15.4 Salivary Glands • The salivary glands secret saliva. • Saliva moistens food particles, helps them bind, and begins the chemical digestions of carbohydrates. • Saliva dissolves food so that they can be tasted. • 2 types of secretions from the salivary glands. • Amylase digestive enzyme in mouth, stomach, pancreas. • Mucus which binds with food particles to lubricate for swallowing.
Types of Salivary Glands • Parotid glands the largest. • Submandibular glands located in the floor of the mouth. • Sublingual glands the smallest of the salivary glands, are on the floor of the mouth.
15.5 Pharynx and Esophagus • Pharynx connects the nasal and oral cavities with the larynx and esophagus. • 3 parts • Nasopharynx communicates with the nasal cavity and provides a passageway for air during breathing. • Oropharynx is posterior to the soft palate and inferior to the nasopharynx. It is the passageway for food moving downward from the mouth and for air moving to and from the nasal cavity. • Laryngopharynx just inferior to the oropharynx, is a passageway to the esophagus.
Epiglottis closes off the top of the trachea (windpipe) so food is less likely to enter.
15.6 Stomach • The stomach is a J-shaped , pouchlike organ that hangs inferior to the diaphragm in the upper left portion of the abdominal cavity and has a capacity of about 1 liter. • The stomach has thick folds of mucosal and submucosal layers and disappear when the stomach wall is distended.
Stomach • The stomach is divided into four regions. • Cardiac • Fundic is the area that acts as a temporary storage area for ingested food. • Body • Pyloric • Fatty food stay in the stomach the longest.
Gastric Secretions • Gastric juice • Hydrochloric acid • Pepsin begins to digest protein • Chyme is a semifluid paste of food particles and gastric juice.
Time Spent in organs • Mouth a few minutes • Esophagus a few minutes • Stomach 4 hours • Small Intestine 12 hours • Large Intestine 5 hours • Total time in digestive system 21 hours.
15.7 Pancreas • The pancreas make three different enzymes. One enzyme break down fats (pancreatic lipase), one enzyme break down protein (proteolytic), and the third enzymes break down carbohydrates.
15.8 Liver • The liver is the largest organ in the body it is the heaviest organ in the body at around 3 pounds. • It makes the chemical bile. • Bile is a green liquid that breaks large fat droplets into small fat droplets. • Gallbladder is a small, baglike part located under the liver. It stores bile until it is needed by the small intestine.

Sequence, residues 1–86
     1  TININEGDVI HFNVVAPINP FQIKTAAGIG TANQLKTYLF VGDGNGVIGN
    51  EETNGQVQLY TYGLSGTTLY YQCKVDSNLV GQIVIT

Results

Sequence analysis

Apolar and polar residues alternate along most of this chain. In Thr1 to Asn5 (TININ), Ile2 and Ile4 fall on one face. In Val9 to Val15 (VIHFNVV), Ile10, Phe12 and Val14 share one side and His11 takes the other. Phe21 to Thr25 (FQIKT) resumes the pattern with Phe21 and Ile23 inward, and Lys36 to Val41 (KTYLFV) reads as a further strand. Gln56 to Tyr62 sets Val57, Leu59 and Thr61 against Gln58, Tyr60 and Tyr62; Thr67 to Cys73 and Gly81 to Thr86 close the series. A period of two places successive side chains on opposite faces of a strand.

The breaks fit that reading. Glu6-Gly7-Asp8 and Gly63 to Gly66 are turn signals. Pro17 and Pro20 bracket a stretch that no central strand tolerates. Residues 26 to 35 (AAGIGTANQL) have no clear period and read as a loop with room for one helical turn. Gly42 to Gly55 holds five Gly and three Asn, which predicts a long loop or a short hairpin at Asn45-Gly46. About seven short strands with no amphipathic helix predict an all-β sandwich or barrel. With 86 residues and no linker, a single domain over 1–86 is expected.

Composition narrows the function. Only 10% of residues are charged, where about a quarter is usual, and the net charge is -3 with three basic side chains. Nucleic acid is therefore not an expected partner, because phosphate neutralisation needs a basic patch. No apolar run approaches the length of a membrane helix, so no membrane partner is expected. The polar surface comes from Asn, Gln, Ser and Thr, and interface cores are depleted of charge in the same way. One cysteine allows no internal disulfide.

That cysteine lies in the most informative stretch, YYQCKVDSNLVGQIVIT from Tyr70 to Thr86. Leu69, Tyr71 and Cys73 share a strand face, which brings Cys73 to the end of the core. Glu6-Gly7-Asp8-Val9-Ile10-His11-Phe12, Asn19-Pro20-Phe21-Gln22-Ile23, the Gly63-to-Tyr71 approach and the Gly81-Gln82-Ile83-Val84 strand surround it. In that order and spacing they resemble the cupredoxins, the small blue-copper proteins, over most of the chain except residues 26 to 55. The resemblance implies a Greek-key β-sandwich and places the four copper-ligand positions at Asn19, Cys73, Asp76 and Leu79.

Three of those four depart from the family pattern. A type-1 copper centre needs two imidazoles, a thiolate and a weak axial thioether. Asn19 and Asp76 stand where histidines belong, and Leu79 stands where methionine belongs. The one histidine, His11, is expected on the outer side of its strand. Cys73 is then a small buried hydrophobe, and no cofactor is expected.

Hepatitis • Hepatitis is an inflammation of the liver. • Types of Hepatitis • Hepatitis A spreads by contact with food or objects contaminated with virus-containing feces. • Hepatitis B spreads by contact with virus-containing body fluids, such as blood, saliva, or semen.
Hepatitis C is believed to be responsible for about ½ the cases of hepatitis. Transmitted in blood-by sharing razors or needles, from pregnant woman to fetus, or in blood transfusions. • Hepatitis D occurs in people already infected with hepatitis B. It is blood borne and associated with blood transfusions and intravenous drug use.
Hepatitis E virus is usually transmitted in the water contaminated with feces. • Hepatitis F passes from feces and can infect other primates. • Hepatitis G accounts for many cases of fulminant hepatitis.
15.9 Small Intestine • Small Intestine is a tubular organ that extends from the pyloric sphincter to the beginning of the large intestine. This is where most of the nutrients are absorbed. • Receives secretions from the pancreas and liver. • Completes digestion, absorbs the products of digestion, and transports the residues to the large intestines.
The small intestines constits of three portions. • Duodenum • Jejunum • Ileum • Mesentery suspense the small intestine. • Intestinal villi is the inner wall of the small intestine appears velvety. • ¼ of feces is dead epithelial cells from the sm. Intestine.